Train the trainers part of preparing ANA for transition
September 19, 2013
KANDAHAR AIRFIELD, Afghanistan -- In a maintenance bay filled with sand-colored trucks, Afghan soldiers had the hoods open and the wrenches turning Sept. 12, 2013, at Forward Operating Base Pasab, Afghanistan.
Security Force Assistance Team 3204 with 3rd Squadron, Combined Task Force Dragoon, continues their partnership with the Afghan National Army's 5th Kandak, 3rd Brigade, 205th Corps.
Civilian contractors work with the team to develop the skills needed for the ANA to perform basic operations as a unit. The contractors have implemented a course, Outfitter Academy, designed to teach and certify the soldiers on a number of skills that allow them to take their knowledge back to their unit and instruct others on how to perform operations effectively.
"We developed this 'Outfitter Academy' based on the requests of the Afghan National Army," said U.S. Army Maj. Curt A. Hinton from Peoria, Ill., and team chief of SFAT 3204. "I'm very proud of how they are receiving it and how they are retaining it. That means they want to get things right and I'm honored to be a part of that."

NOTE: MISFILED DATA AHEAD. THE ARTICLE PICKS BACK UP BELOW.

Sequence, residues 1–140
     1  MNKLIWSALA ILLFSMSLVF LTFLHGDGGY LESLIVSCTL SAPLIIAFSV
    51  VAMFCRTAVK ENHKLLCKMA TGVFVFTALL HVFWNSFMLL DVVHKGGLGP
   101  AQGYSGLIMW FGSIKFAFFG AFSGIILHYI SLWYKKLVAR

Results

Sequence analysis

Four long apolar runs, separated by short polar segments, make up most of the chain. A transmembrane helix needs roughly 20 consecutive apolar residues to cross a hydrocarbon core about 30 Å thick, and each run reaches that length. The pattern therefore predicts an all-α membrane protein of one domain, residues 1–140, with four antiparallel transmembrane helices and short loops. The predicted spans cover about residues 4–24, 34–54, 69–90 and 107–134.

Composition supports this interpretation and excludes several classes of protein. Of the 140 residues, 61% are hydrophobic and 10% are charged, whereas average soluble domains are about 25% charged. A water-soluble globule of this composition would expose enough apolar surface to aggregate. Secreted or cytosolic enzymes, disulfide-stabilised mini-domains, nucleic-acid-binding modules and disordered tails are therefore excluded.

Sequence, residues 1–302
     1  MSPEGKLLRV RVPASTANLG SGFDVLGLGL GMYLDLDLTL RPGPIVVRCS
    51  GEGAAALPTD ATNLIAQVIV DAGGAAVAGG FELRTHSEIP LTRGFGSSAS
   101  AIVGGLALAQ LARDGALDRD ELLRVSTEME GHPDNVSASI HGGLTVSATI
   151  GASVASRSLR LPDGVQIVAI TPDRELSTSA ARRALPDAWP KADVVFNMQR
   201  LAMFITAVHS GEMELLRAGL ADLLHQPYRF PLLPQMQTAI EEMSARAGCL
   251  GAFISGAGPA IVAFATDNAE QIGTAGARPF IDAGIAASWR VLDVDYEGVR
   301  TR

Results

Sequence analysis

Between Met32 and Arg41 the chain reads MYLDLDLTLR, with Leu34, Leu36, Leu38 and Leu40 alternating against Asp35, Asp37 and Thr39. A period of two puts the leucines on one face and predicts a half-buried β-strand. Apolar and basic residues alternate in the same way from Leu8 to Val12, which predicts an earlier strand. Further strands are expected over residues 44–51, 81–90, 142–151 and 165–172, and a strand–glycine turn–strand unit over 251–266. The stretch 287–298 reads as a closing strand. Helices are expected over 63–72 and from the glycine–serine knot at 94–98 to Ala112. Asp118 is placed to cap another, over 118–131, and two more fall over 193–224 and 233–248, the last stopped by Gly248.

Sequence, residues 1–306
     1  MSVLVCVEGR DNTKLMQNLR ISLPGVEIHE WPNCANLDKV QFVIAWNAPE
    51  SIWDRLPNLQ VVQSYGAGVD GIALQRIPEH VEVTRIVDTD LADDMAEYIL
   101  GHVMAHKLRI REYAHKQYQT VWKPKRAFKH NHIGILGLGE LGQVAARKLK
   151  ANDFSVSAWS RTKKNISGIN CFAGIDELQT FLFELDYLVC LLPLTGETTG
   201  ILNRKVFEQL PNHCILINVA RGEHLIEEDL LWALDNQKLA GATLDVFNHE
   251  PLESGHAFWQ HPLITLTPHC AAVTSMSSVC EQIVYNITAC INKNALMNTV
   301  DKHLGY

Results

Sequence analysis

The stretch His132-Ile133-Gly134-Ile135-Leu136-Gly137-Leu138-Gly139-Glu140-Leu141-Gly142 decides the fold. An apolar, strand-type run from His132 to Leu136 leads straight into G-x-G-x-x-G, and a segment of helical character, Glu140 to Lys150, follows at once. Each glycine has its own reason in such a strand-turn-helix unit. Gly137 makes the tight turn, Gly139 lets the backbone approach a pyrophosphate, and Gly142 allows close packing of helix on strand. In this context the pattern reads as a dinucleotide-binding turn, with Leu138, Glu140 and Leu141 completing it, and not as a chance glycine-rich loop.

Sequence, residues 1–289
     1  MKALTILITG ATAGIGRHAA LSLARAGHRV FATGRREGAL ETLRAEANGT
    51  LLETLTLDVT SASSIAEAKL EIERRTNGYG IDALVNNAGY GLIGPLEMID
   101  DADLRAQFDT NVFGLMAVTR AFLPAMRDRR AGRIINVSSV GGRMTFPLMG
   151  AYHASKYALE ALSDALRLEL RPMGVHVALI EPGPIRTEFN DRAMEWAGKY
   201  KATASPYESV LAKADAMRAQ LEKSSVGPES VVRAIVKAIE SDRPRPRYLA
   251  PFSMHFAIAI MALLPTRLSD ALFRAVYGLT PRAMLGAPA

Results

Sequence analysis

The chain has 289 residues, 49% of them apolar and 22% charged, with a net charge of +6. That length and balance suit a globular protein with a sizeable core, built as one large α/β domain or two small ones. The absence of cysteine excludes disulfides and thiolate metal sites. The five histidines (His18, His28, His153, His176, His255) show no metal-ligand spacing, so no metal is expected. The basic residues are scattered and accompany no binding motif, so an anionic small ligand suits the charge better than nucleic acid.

The maintenance advisor for the team, Chief Warrant Officer 2 Albert Granville from Rochester, N.Y., advises the ANA mechanics on the upkeep of military equipment. He has built a rapport with the Afghan repairmen.
"I developed a kinship with the mechanics quite rapidly," said Granville. "They are definitely mechanically inclined and they are able to fix a multitude of stuff. They also have welding capabilities, metal fabrication and the ability to fix weapons and communications."
The soldiers who work as mechanics for the 5th Kandak are not limited to fixing only vehicles. They are in the process of developing and enhancing the skills necessary to maintain weapons and communications.
One of the goals of the academy is to create a standard for proper instruction within the realm of military education for the soldiers. The class has been built around the different ability levels and cultural values of each of the soldiers who are being trained.
The advisors with the team attend the classes during the week with the Afghan soldiers in order to have the ability to assist with skill development.
"We have 35 soldiers going through an intensive course to teach to Afghans at their competency level that is respectful," said Hinton. "Our advisors sit in and receive the class as we develop the train the trainer model."
As the partnership continues, the group builds on their relationship with the ANA. The team exercises courtesy and civility in order to facilitate association and correspondence.
"Everything we do is based on our partnership," said Hinton. "The Afghans respect us and we respect them as well. We are friends and I think that makes the communication much better."